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It's well known that Google and Microsoft host several common javascript libraries on their CDNs (content distribution networks). Unfortunately neither seems to host JSON2.js.

I'm aware that I could upload a copy of JSON2.js to my server and serve it myself, but there are a number advantages CDNs offer that I would like to take advantage of.

So with that in mind, are there any publicly available CDNs that host JSON2? If not, any idea why? Is there some sort of copyright reason?

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5 Answers 5

up vote 57 down vote accepted

Checkout cdnjs.com

http://cdnjs.com/libraries/json2/

Might also be worth investigating Json3

http://cdnjs.com/libraries/json3/

UPDATE: Some of the information was out of date, changed to better links.

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2  
Is there a minified version? –  Xavi Apr 11 '11 at 3:26
    
@Xavi: not on CDNJS. You could suggest it on the cdnjs website –  Dve Apr 11 '11 at 8:20
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Thomas from cdnjs.com here with two quick reasons why there is no minified version. 1) The script may not possibly function as the author intended using the method of minification we choose. 2) As a security step we ensure that all files checksums match the original authors hosted files so community submitted updates cannot contain malformed minified code. So for now that leaves us hosting Crockfords hosted un-minified version; github.com/douglascrockford/JSON-js/raw/master/json2.js lol can you not put new line characters in comments? –  Thomas Davis May 12 '11 at 1:44
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Just FYI: I served json2 from cdnjs.com in my recent project. I got the link for it from this very stackoverflow page. Some of the IEs out there did not like this. I wasn't able to figure out why as these were all different versions from 7 to 9. Some IEs were interpreting json2 in KOI-7 format. As a result, the users were getting JavaScript error: "JSON is not defined". I tried setting @charset attribute of script tag to UTF-8 and it didn't solve the problem. My fix was to serve json2 together with my other js files. (Compressed and minified). Feel free to contact me if you have questions. –  Dimskiy Jul 28 '11 at 22:51
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@tomByrer answer updated –  Dve May 31 '13 at 9:20

I think probably it's too early to expect the big CDNs to start doing this. When enough sites are using a library, the benefits become clear: greater availability, more frequent use, reduced client requests, increased performance for the end user. If only a few sites are using it, chances of client having a copy in their cache already is low and all performance boosts are lost. So all that's left is that MS and Google offset your bandwidth charges, which is not their intention. Thus, the solution is to get more developers to use the library.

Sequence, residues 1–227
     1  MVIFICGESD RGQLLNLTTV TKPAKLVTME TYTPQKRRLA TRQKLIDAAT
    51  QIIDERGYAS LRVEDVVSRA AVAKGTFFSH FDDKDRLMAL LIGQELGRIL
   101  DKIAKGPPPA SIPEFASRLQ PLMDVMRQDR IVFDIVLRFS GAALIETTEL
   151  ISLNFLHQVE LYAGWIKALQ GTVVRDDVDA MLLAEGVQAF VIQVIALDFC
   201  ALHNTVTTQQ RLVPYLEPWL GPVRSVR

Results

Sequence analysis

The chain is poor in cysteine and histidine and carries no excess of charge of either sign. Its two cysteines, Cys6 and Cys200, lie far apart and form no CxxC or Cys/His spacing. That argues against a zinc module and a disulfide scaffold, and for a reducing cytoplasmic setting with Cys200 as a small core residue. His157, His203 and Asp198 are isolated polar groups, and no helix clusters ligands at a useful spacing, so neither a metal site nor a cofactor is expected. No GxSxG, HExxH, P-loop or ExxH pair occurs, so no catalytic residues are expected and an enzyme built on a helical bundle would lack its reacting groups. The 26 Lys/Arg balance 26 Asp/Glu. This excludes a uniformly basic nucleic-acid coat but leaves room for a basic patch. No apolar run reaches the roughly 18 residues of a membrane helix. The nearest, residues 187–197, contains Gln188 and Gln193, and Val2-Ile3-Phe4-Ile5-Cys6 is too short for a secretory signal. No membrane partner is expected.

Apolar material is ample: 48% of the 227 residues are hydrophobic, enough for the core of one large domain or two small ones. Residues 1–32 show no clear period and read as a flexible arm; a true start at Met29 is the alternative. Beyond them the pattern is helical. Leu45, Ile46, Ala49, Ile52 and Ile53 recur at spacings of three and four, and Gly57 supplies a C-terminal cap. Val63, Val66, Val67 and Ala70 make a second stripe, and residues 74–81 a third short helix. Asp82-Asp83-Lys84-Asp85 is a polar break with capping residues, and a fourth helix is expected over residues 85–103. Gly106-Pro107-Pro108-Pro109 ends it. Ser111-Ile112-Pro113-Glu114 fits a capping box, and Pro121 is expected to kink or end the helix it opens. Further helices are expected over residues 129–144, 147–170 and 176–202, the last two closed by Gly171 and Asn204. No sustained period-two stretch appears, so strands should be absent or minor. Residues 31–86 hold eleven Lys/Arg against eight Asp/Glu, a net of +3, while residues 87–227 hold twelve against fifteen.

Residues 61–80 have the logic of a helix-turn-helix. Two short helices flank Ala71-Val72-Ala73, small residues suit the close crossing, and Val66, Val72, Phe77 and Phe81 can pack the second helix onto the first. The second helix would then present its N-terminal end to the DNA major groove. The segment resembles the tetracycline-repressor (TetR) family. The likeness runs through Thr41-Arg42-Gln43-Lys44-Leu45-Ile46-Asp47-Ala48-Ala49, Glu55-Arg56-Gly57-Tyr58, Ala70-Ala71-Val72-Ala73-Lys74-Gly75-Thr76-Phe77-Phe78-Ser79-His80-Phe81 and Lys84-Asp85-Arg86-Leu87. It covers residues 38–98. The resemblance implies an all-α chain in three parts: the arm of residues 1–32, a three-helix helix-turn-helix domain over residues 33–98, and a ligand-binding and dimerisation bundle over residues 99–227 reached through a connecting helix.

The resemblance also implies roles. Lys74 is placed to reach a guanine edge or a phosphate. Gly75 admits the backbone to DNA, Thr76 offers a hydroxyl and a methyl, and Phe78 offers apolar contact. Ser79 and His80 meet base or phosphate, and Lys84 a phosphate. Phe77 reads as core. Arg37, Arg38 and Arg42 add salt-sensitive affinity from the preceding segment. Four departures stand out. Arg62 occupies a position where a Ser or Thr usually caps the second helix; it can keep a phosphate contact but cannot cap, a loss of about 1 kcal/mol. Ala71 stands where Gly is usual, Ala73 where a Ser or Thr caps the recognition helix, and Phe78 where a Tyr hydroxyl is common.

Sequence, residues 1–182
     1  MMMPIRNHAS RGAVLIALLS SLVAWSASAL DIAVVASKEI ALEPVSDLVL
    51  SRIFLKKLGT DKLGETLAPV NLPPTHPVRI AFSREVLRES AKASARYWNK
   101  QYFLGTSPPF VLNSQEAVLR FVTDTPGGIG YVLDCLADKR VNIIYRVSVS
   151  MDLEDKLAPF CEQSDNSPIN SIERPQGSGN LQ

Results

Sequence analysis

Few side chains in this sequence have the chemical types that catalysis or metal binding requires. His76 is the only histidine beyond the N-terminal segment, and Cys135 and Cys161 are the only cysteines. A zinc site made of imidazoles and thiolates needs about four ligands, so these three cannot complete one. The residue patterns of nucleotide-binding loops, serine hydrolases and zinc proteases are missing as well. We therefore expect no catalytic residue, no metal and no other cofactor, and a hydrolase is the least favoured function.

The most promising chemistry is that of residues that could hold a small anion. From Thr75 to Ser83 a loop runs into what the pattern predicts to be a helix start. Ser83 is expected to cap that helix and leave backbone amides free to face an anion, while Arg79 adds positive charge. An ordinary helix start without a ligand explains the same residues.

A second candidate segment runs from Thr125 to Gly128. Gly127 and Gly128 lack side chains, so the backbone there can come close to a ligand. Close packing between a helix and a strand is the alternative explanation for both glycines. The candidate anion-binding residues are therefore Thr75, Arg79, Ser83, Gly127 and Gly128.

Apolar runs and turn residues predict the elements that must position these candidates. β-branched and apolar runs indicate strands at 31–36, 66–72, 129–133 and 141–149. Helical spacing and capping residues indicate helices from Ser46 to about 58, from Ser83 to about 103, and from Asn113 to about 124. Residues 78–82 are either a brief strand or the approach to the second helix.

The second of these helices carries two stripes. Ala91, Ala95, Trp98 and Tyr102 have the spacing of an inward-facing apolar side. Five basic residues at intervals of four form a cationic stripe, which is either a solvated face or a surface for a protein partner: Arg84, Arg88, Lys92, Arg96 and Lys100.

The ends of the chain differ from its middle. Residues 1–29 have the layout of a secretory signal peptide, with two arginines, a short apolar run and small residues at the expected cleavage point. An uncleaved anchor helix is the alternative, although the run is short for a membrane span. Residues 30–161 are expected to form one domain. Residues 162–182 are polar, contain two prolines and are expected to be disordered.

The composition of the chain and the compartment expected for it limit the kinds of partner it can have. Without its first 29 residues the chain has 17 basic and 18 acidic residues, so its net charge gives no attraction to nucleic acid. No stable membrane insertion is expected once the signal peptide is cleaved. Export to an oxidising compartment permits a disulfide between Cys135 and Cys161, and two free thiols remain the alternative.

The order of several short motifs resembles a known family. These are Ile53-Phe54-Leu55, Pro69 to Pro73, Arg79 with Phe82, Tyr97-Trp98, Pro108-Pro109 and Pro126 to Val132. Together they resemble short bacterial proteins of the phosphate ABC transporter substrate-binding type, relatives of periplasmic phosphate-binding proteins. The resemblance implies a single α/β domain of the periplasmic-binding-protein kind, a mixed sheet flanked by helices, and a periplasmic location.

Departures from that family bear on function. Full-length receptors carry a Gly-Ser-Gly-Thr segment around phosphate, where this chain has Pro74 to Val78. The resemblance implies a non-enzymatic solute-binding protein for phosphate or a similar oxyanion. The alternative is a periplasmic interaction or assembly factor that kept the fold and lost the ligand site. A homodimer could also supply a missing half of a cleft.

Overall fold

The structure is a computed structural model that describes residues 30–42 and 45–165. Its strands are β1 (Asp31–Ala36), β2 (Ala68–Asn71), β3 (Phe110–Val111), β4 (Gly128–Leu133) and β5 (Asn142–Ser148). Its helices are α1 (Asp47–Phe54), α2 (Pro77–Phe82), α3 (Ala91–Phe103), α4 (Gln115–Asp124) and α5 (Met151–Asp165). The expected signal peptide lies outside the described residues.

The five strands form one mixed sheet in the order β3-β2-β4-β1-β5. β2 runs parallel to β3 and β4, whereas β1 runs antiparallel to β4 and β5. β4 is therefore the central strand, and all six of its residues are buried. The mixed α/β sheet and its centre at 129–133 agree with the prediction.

Plus the library is so tiny. The code is still only 3.5KB using conservative minification. For comparison, jQuery is 24KB and ext-core is 29KB. I'd personally recommend folding the library into your own site's base JS and get your performance boost there. At least until there's wider acceptance.

Plus, it's funny I'd have expected the JSON library to be hosted also at Yahoo, but I can't find it. I mean Crockford works there.

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Those are fair points. The JSON object is becoming standard in many browsers so the need for JSON2.js declining. Also the library is tiny! It's just that I've gotten into the habit of creating small self-contained JS apps that I can quickly upload or e-mail to people. Every now and I end up using the JSON object. In those cases my JS app either doesn't work in IE6/7 or it's no longer self-contained. =( –  Xavi Jun 8 '10 at 12:17

Thomas from cdnjs.com here with two quick reasons why there is no minified version.

1) The script may not possibly function as the author intended using the method of minification we choose. 2) As a security step we ensure that all files checksums match the original authors hosted files so community submitted updates cannot contain malformed minified code.

So for now that leaves us hosting Crockfords hosted un-minified version; https://github.com/douglascrockford/JSON-js/raw/master/json2.js

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There is now.

Douglas Crockford recently put JSON2 on github, this url will always link to the most recent version.

Edit: Its not a good idea to use this method, see my comment below.

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Should the https be http for pages which are not serving content securely? i.e. not "mixing secure and insecure content"? –  Shaggy Frog May 3 '11 at 5:06
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On second thoughts, I don't think its a good idea to use github as a cdn, see the answer to this question: stackoverflow.com/questions/5502540/… –  DannyLane May 19 '11 at 9:55
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@ShaggyFrog One trick: you can remove the http: or https:, and the script will load using the correct method for that site: //github.com/douglascrockford/JSON-js/raw/master/json2.js –  Web_Designer Jan 15 '12 at 8:11
    
@DannyLane, you should edit your answer with the info about not using GitHub as a CDN for JS. –  asymmetric Oct 24 '12 at 15:29
    
Not sure why this answer is getting downvoted recently, I corrected it to say not to use this method almost 3 years ago. –  DannyLane Feb 10 at 14:46

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